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Podcast Episode 11

This week Ewan’s still on his desert island, James is in a muddy field (Glastonbury apparently) so Ben and Dan talk to special guest Jay Fenton on subjects including the Nokia buy-out of Symbian, Nokia’s problem with product leaks, the new ‘UK network’ UK01 and the furore over Roger’s tariffs for the iPhone in Canada plus ‘things of the week’.

Listen now using the player below or see the links below for other options:

Episode link and feeds:

[Link] Direct link to this episode’s MP3 to download
[iTunes] Subscribe or listen in iTunes
[RSS] Subscribe via your feed reader or another podcatcher

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The contributors:

Jay Fenton is one of teh technical whizz-type chaps at Howler Tech and open source guru.  He made Scribe.
Dan Lane’s blog is at http://invalid.name. He’s CTO at Howler Tech.
Ben Smith is a management consultant. He has a blog, but anything worth reading is contributed here.

Sites mentioned in the podcast:

Campaign against Rogers’ awful iPhone tarriffs in Canada: http://www.ruinediphone.com/
YBrowser S60 file system explorer
S60 ROMPatcher for developing unsigned apps
Freeswitch open source soft-switch

We’re really keen to get your feedback on the podcast – please let us know in the comments or tell Ewan – ewan@smstextnews.com.

By Ben Smith

Ben is an expert on enterprise mobility and wireless data products. He has been a regular contributor to Mobile Industry Review since 2007 and is also editor of Wireless Worker.

7 replies on “Podcast Episode 11”

Great podcast all around, I thought Jay Fenton had some great insight into the Symbian announcement.

Ideas for fingerprint-less security: The camera could be used to either recognize your face, or you could carry a 2D barcode “fob” on your keychain (or elsewhere) that could be scanned with the camera. Oh, thought of another: a bluetooth fob that is on your keychain. All of these sound kind of cumbersome, but that's the brainstorming for now.

What might be better would be for only certain apps to rrequire this extended security (another signing mechanism) so that, say, Mail 4 Exchange requires it, but you do not need to jump through those hoops just to make a call. If that were the case, it would be nice to have an area on the file system similarly protected, making the handset a secure file storage device.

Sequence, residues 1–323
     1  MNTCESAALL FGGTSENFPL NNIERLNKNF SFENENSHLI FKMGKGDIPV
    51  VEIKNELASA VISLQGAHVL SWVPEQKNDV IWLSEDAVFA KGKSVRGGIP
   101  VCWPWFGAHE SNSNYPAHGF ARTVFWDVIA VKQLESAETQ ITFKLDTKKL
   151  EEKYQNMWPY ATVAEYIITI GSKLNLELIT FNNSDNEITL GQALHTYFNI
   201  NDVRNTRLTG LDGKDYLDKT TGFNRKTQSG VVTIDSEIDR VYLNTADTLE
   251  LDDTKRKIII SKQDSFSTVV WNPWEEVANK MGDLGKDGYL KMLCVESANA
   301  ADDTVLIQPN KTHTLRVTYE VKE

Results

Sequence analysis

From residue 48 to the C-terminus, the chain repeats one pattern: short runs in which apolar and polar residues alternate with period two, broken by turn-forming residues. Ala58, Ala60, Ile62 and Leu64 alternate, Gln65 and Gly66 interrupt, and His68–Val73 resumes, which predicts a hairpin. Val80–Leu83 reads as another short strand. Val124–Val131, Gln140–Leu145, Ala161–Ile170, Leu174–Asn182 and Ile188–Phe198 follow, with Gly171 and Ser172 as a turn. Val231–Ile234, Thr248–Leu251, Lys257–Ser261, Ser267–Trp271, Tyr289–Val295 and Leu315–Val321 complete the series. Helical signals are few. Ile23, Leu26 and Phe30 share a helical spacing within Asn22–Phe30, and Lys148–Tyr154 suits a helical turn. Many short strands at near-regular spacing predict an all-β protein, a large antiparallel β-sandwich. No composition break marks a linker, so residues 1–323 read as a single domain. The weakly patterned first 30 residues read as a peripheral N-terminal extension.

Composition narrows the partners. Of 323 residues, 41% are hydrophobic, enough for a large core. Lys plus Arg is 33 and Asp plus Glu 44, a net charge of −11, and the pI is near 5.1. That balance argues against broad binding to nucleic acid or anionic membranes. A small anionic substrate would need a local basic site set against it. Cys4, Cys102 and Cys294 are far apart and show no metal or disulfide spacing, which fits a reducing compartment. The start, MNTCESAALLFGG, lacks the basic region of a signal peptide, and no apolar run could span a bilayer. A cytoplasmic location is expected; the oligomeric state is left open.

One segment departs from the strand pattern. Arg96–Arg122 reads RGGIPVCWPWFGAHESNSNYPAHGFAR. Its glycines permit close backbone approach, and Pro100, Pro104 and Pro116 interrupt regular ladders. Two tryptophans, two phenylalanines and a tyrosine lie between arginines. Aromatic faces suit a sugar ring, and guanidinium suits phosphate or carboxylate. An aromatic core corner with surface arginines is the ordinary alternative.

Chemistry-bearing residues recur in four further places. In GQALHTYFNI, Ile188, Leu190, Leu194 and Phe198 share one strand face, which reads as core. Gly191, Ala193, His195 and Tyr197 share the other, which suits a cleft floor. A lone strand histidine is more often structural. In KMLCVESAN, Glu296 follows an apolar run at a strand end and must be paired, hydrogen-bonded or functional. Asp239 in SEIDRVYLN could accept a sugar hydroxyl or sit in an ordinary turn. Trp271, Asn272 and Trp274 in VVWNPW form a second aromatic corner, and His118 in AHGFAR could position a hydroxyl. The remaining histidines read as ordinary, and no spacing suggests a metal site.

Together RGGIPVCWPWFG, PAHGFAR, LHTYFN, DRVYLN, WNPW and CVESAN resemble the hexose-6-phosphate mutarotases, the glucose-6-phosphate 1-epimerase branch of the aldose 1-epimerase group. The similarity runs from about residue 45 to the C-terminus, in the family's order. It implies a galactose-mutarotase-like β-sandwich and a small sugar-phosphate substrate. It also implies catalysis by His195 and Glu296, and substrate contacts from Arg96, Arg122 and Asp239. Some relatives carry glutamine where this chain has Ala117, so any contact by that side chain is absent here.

Yes – Jay knows his stuff good 'n proper… a privilege to have him on.

Interesting thoughts re: security. I'm not sure our corporate security types would go for the token approach – they prefer to match 'something you have' and 'something you know'… a token might be one too many 'something you haves'… although it sounds like an option for consumers potentially.

Definitely like the tiered authentication bit – that ties nicely with Nokia's attempt to add dual use personal / business features to the E-series so they could be secured independently… like so much here though I think it would all be in the execution. Anything more cumbersome would be unwelcome on my devices!

The hope with the tiered idea was that you would encounter the extra authentication bits less often than you currently do. I have not run into what you were talking about (luckily, my phone is just for fun at the moment) so my theory may not mesh well into real-world application.

I get the “something you have, something you know” paradigm, but isn't something you have + something else you have more powerful? Might have to look at what Schneier has to say on that, but it seems like having the phone and having your face/having a fob would be more secure than a passcode that could be guessed, brute forced, etc. Again, something for real-world experimentation as this is just brainstorming at the moment.

Two 'something you haves' are obviously better than 1 in some scenarios, but in a number of others there's no benefit at all – a thief can steal my phone and token from a hotel just as easily as the phone alone for instance.

WRT the passcode, M4E enforces a 3 (or is it 5?) attempts then completely wipes the device to prevent brute forcing.

Two 'something you haves' are obviously better than 1 in some scenarios, but in a number of others there's no benefit at all – a thief can steal my phone and token from a hotel just as easily as the phone alone for instance.

WRT the passcode, M4E enforces a 3 (or is it 5?) attempts then completely wipes the device to prevent brute forcing.

Two 'something you haves' are obviously better than 1 in some scenarios, but in a number of others there's no benefit at all – a thief can steal my phone and token from a hotel just as easily as the phone alone for instance.

WRT the passcode, M4E enforces a 3 (or is it 5?) attempts then completely wipes the device to prevent brute forcing.

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